Respirator Effectiveness Respirators are only effective when the seal around your nose and mouth is tight. If you cannot achieve proper fit, do not enter the isolation or treatment area. Consult your supervisor. A respirator cannot be worn by healthcare workers with facial hair that comes between the sealing surface of the mask and face. Bearded healthcare workers should contact their supervisor to obtain information on alternative respiratory protection.
Removing the N95 –Do not touch the front of the mask/respirator. It is considered to be contaminated. –Grasp bottom, then top ties or elastic bands. Pull bottom strap over head.
How should I store an N95 respirator? Respirators should be stored in a convenient, clean and sanitary location, avoiding temperature extremes and direct sunlight. When not in use respirators should be sealed in plastic bags and stored in a single layer with the face-piece and exhalation valve in a non-distorted position. The bag should be labeled with the employees’ name.
When should I get a new respirator? Respirators should be changed if –The employee experiences a significant increase in the amount of resistance to breathing or –The respirator collapses due to excess moisture or –The employee senses (smells/tastes) breakthrough or –The respirator is visibly soiled or –The respirator no longer seals to the user’s face or –You have used the respirator for one full shift
Repairs N95 respirators are not manufactured in such a way that they can be repaired. If any deficiencies are found in an N95 respirator, it should be discarded.
Limitations of N95 Respirator If the respirator becomes wet or soiled. It should not be used The N95 does not supply oxygen and should not be worn in an atmosphere with less than 19.5% oxygen The N95 cannot be used in concentrations of contaminants that are immediately dangerous to life and health. The N95 cannot be used with beards, facial hair, or other conditions that prevent a good seal between the face and the edge of the respirator.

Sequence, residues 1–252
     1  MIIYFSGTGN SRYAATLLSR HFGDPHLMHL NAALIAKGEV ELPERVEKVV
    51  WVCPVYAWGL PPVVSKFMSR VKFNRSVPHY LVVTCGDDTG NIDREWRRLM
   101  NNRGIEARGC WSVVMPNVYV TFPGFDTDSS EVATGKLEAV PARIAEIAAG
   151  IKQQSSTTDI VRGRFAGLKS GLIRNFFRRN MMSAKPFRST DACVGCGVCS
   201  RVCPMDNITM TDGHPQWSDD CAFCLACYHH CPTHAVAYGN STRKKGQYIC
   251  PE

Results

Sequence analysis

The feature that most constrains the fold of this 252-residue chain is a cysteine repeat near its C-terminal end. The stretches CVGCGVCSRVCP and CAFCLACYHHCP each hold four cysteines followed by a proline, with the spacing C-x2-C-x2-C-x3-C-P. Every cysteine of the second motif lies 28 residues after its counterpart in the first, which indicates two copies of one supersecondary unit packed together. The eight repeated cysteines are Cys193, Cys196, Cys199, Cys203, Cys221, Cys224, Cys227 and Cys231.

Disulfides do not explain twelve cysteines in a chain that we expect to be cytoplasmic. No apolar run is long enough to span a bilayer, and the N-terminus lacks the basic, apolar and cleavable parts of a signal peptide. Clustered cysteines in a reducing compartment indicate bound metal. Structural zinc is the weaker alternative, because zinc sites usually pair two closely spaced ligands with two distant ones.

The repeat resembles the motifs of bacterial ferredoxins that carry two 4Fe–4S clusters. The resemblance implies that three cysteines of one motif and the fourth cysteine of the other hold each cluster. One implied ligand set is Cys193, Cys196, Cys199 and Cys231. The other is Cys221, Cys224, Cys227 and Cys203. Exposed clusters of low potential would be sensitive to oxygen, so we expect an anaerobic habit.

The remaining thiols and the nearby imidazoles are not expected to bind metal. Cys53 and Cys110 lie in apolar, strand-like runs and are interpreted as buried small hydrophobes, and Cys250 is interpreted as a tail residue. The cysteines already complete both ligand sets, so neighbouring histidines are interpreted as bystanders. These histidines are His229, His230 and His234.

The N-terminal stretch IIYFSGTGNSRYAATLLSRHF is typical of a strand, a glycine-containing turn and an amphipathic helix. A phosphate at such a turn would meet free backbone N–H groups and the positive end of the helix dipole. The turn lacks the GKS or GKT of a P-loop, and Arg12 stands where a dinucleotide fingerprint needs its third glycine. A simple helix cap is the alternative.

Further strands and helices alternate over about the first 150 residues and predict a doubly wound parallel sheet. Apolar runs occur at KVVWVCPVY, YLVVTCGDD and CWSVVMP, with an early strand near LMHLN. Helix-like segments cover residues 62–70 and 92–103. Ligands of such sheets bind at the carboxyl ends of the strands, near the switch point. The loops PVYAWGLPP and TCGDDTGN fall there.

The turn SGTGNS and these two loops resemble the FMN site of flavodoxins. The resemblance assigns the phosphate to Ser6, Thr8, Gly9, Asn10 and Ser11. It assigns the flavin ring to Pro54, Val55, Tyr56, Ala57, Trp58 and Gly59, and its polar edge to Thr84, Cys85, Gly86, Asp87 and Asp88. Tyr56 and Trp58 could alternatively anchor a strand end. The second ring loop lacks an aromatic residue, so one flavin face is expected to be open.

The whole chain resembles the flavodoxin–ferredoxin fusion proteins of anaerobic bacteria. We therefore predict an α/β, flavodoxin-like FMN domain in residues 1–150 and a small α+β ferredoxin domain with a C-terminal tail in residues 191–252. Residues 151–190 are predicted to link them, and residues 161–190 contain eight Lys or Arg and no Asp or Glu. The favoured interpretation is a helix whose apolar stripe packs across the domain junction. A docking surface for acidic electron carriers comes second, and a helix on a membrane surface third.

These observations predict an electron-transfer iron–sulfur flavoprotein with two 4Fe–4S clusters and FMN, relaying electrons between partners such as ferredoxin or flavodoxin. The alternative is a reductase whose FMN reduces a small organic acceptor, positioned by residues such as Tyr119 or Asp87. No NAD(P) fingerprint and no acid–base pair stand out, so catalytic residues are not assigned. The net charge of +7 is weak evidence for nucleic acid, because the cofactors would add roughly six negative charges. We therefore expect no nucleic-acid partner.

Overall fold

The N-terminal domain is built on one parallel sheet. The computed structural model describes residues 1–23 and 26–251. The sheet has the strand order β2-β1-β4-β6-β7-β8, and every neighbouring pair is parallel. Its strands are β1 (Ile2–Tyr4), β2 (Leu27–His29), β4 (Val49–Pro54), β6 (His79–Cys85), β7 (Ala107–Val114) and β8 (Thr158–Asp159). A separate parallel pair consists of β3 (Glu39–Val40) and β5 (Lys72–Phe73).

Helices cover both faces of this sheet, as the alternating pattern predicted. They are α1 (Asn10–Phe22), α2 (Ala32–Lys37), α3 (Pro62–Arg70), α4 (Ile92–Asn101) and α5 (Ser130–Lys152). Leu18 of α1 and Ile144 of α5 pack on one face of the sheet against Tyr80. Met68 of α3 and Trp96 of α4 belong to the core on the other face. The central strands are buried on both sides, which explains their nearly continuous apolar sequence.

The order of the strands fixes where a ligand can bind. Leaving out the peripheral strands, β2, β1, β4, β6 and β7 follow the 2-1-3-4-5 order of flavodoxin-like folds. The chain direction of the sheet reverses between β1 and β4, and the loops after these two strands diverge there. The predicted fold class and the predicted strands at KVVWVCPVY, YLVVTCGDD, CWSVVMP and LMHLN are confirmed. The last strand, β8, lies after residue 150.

Conclusion When worn correctly, N95 respirators are effective barriers against diseases that require airborne precautions. An N95 cannot be used if the employee has some condition that interferes with the fit of the respirator (facial hair or deformity), in hazardous chemical atmospheres, or in oxygen deficient atmospheres After donning the N95, always do a fit check before entering the contaminated area
Conclusions (continued) Store the respirator in a plastic bag (with your name on it) in a non-contaminated area Replace the respirator if: –Breathing resistance increases –It is noticeably wet or soiled –You smell something different –It no longer seals to your face –You have used the respirator for one full shift
Questions? If you have any questions regarding N95 respiratory protection, consult your supervisor, the Program of Hospital Epidemiology (6-1606), or Safety & Security (6-0839).